Range guarantees are often spoken about when electric vehicle fleets are discussed. Unlike driving a vehicle with a conventional internal combustion engine (ICE) passing fuelling stations all the time, EV (Electric Vehicle) charging infrastructure in South Africa is not extensively developed yet, making planning and managing trips essential.
Planning a trip for a commercial electric vehicle (CEV) is vital to meet operational demands. Transport operators are responsible for the seamless implementation of delivery schedules and want their vehicles in full operation twenty-four seven. Downtime, expensive energy usage and range anxiety can be mitigated when the trips of a CEV fleet are properly planned.
“People frequently ask what the best way is to charge a fleet of CEVs. Many factors play a role when deciding if AC or DC charging is the most effective way of charging vehicles. That is why our team of experts conducts a full audit of a transport operator’s needs, current infrastructure and fleet application before they convert to battery-electric fleets,” says Rick Franz, CEO of AEVERSA (Applied Electric Vehicle Energy Reticulation Systems Africa).
Franz explains that electricity from the grid is AC (Alternating Current). The difference between AC and DC (Direct Current) charging is where the AC power gets converted to DC, inside or outside the vehicle. EVs have small onboard chargers that convert AC power to DC to charge the battery. “DC Fast Chargers convert AC power to DC outside of the vehicle, which is directly fed into the battery, significantly reducing charging times.”
“In the end, the best way of charging depends on how the fleet is utilised. One will choose DC fast charging if a quick recharge for repeat trips is needed. DC Fast Chargers can deliver a 100 to 150 km RPH (range per hour) or more, charging some EVs to 80 percent in 20 to 30 minutes. However, these chargers strain the power supply and must be correctly managed. As a rule of thumb, AC charging is slow, and DC is fast,” adds Franz.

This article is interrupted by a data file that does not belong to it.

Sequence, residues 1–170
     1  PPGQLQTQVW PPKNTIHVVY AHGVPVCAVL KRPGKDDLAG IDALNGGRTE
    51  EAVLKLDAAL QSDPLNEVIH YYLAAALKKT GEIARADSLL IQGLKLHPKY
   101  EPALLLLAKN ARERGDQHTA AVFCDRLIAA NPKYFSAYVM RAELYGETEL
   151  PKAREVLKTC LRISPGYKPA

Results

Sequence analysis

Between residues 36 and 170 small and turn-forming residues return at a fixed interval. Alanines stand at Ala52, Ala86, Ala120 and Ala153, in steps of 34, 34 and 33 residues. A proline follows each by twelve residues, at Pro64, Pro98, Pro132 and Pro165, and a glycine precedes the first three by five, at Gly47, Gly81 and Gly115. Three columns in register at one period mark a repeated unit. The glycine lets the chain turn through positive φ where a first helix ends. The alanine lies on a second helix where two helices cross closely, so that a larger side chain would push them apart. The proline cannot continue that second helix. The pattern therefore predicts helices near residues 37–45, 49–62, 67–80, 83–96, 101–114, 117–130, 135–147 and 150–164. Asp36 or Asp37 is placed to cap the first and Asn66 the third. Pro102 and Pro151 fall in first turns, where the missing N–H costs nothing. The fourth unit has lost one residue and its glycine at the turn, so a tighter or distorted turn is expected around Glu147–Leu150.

AEVERSA, a green energy transport pioneer, consults industry players on the best ways to convert their transport fleets to battery-electric vehicles. The company offers a “complete solution” from specifying the required vehicles to planning and installing charging infrastructure. Its product offering includes maintenance and flexible financing options for infrastructure, charging systems and vehicles.
When organisations decide to introduce CEVs into their transport fleets, AEVERSA sends their experts to consult with relevant company stakeholders to determine their transport needs. The consultation process would start with evaluating the route, load, duty cycle, utilisation, infrastructure, space, and where and how quickly the CEVs can be charged.
This process also includes the design of a custom-made ecosystem which is purpose-built infrastructure comprising charging- and monitoring software that enables transport operators to optimise their fleets’ energy consumption. The software monitors vehicle maintenance and the chargers’ health and schedules charging times around the availability and cost of electricity to minimise operational costs and downtime.
“With so many unique factors playing a role in each individual situation, using AC or DC power is not an easy question to answer. We use predictive modelling and apply our experience in green energy transport to develop the best solutions for transport operators based on their individual needs and goals,” says Franz.
In conclusion, Franz highlights that transport operators who want to introduce CEVs into their fleets must consider cost, timing, and charging needs when formulating their short-, medium- and long-term goals. “In our experience, it is all about clean energy and the total cost of ownership to improve profit margins. To achieve this goal, we help control the when and how of charging CEVs, whether with AC or DC power.”
For information on how to best introduce battery-electric vehicles into your transport fleet, visit www.aeversa.com or call us on 081 000 2779.
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